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FRAMINGHAM, Mass. May 16, 2013 – Android and iOS, the number one and number two ranked smartphone operating systems (OS) worldwide, combined for 92.3% of all smartphone shipments during the first quarter of 2013 (1Q13) as Windows Phone crept past BlackBerry for 3rd place. According to the International Data Corporation (IDC) Worldwide Quarterly Mobile Phone Tracker, Android smartphone vendors and Apple shipped a total of 199.5 million units worldwide during 1Q13, up 59.1% from the 125.4 million units shipped during 1Q12.
FRAMINGHAM, Mass. – The worldwide mobile phone market grew 4% year over year in the seasonally slow first quarter of 2013 (1Q13) as smartphones outshipped feature phones for the first time. According to the International Data Corporation (IDC) Worldwide Quarterly Mobile Phone Tracker, vendors shipped a total of 418.6 million mobile phones in 1Q13 compared to 402.4 million units in the first quarter of 2012 and 483.2 million units in the fourth quarter of 2012.
In the worldwide smartphone market, vendors shipped 216.2 million units in 1Q13, which marked the first time more than half (51.6%) the total phone shipments in a quarter were smartphones. The market grew 41.6% compared to the 152.7 million units shipped in 1Q12, but 5.1% lower than the 227.8 million units shipped in 4Q12.
SAN MATEO, Calif., April 9, 2013 – Mobile publishers such as Facebook, Pandora, and Twitter are rapidly taking over the mobile display advertising market in the United States. Where in past years, ad networks such as Google, Millennial Media, and Apple received most of the spending on mobile display ads, now publishers control the segment, thanks to very strong sales growth in the past year. Facebook, Pandora, Twitter, and The Weather Channel all registered strong sales in 2012 and all (with the exception of Pandora) popped onto the scene from zero sales in 2011. As a result, publishers controlled 52% of U.S. mobile display ad spending in 2012, compared to the 39% they received in 2011. This is one of the results from a newly published International Data Corporation (IDC) report, 2012 U.S. Mobile Advertising Market Sizing and Vendor Market Shares (Doc #240311).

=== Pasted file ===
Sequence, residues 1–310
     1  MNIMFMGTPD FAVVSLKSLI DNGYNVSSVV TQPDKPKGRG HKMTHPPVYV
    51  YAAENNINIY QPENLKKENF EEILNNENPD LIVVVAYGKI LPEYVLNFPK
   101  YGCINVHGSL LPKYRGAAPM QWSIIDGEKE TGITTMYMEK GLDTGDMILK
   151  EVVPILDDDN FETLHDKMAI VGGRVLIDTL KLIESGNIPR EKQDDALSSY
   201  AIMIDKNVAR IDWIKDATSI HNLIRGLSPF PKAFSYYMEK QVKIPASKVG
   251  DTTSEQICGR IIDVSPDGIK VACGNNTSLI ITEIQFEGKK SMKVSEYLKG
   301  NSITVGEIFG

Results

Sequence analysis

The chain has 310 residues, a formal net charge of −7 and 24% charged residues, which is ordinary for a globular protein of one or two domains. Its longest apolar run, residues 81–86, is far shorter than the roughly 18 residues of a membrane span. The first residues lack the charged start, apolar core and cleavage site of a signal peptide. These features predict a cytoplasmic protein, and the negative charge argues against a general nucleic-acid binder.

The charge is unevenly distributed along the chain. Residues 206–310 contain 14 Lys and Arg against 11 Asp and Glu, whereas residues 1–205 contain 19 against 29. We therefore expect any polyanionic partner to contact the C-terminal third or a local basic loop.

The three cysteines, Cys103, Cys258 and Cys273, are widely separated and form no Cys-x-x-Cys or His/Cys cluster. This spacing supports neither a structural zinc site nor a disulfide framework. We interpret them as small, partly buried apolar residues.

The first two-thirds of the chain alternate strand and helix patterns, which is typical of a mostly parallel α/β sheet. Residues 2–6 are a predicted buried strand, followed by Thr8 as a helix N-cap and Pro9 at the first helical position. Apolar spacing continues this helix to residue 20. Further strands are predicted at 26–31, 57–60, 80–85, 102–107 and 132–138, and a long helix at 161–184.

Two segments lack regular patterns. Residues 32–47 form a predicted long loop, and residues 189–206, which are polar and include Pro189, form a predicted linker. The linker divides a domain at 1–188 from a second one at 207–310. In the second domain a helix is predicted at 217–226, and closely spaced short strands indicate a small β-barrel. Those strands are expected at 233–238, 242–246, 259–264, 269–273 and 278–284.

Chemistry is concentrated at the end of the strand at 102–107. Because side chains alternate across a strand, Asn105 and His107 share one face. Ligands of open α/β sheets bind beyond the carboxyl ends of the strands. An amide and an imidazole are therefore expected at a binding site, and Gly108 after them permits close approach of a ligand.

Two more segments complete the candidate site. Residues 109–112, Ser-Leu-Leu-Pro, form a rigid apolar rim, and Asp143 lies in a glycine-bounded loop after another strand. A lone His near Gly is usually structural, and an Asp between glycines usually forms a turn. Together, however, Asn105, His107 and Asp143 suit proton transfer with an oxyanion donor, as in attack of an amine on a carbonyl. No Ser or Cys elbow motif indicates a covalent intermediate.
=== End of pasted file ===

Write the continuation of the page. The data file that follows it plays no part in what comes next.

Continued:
IDC Press Release
FRAMINGHAM, Mass., March 26, 2013 – According to the International Data Corporation (IDC) Smart Connected Device Tracker, worldwide shipments of smart connected devices grew 29.1% year over year in 2012, crossing 1 billion units shipped with a value of $576.9 billion. The market expansion was largely driven by 78.4% year-over-year growth in tablet shipments, which surpassed 128 million in 2012.
Looking specifically at the results for the fourth quarter of 2012 (4Q12), combined shipments of desktop PCs, notebook PCs, tablets, and smartphones was nearly 378 million and revenues were more than $168 billion. In terms of market share, Apple significantly closed the gap with market leader Samsung in the quarter, as the combination of Apple’s iPhone 5 and iPad Mini brought Apple up to 20.3% unit shipment share versus 21.2% for Samsung. On a revenue basis for the fourth quarter, Apple continued to dominate with 30.7% share versus 20.4% share for Samsung.
BARCELONA—Here are two stories that sum up the state of the phone industry as revealed at last week’s Mobile World Congress, the annual gathering of the mobile phone business. Firstly, what was the buzz of the show?
It wasn’t a top-end, LTE-enabled, quad-core processor smartphone—it was the Nokia NOK1V.HE +1.60% 105, a €15 phone. Its most notable feature—apart from its price—is its 35-day standby time. The second comes from the experiences of The Wall Street Journal. To save the blushes of one particular handset maker we won’t name the company, but it took us 12 takes to shoot a video review of one of its products. In the end we failed. Why? It took three takes only to discover we had filmed the wrong phone. It then took another nine to try to review the correct one. Every time we tried there was some button that was pushed by mistake, or we hit the wrong thing on the screen and it didn’t do what we thought it would. In the end we gave up. What do the two stories tell us? That real consumer benefits, like a monthlong standby, are valued by consumers. They also show that one phone looks a lot like an other and that adding extra functions to a device isn’t always the path to a good user experience.